When you have just received a nice computer without hardware documentation, how do you find out what type of drive it has without opening it up? Today’s SuperUser Q&A post provides some quick and easy solutions to help a reader find the information he needs.
Today’s Question & Answer session comes to us courtesy of SuperUser—a subdivision of Stack Exchange, a community-driven grouping of Q&A web sites.
Photo courtesy of Jung-nam Nam (Flickr).
SuperUser reader Saeed Neamati wants to know if there is an easy way to determine what type of drive his computer has inside:
I recently received a pre-assembled computer with Windows 8 installed and have no idea if the internal drive is SSD or HDD (SATA or otherwise). I have been unable to find a way to tell if the drive is SSD or not (apart from the capacity/size of the drive). However, now that the sizes of SSDs are getting close to those of HDDs, this method is not serving as a good approach to determining which type of drive my computer has. Are there any other methods for detecting an SSD drive?
Is there an easy way to determine what type of drive Saeed’s computer has inside?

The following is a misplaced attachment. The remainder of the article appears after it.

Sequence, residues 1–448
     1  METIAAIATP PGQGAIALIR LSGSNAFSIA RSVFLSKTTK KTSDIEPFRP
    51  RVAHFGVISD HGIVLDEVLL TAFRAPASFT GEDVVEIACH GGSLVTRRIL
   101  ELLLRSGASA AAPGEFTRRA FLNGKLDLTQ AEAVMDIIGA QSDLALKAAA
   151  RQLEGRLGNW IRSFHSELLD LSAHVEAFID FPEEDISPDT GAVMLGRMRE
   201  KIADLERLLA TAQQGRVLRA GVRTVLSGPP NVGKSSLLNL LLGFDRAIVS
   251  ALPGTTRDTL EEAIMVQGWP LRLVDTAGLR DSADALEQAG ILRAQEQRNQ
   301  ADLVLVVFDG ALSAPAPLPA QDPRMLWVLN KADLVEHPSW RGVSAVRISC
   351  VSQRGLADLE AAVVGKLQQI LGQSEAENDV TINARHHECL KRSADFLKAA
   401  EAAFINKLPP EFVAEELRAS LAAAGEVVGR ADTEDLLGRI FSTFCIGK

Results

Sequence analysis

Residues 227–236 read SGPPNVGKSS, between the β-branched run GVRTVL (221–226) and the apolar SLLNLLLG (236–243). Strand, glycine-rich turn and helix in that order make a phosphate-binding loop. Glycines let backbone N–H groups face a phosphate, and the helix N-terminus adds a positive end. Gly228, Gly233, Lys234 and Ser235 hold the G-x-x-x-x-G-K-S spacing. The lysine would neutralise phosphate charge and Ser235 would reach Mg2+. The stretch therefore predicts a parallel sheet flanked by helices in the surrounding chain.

SuperUser contributors DragonLord and JMK have the answer for us. First up, DragonLord:
Actually, there is a much simpler solution. Windows Drive Optimizer (formerly called Disk Defragmenter) reports whether a drive is HDD or SSD. You can access this utility by pressing the Windows key, searching for optimize, and selecting Defragment and optimize your drives.
This will generally work in any system where the disks are not plugged into a RAID card. However, if the operating system cannot determine the media type (i.e. the drives are in a hardware RAID setup), the above solution will not work. A program such as CrystalDiskInfo may be able to help in such a situation. If you still cannot tell whether the drive is HDD or SSD, you may need to open the computer case up and examine the actual drive.
Followed by the answer from JMK:
Because it has not been mentioned yet, Speccy is great for seeing in-depth information about every component of your computer (including your internal drive).
Have something to add to the explanation? Sound off in the comments. Want to read more answers from other tech-savvy Stack Exchange users? Check out the full discussion thread here.
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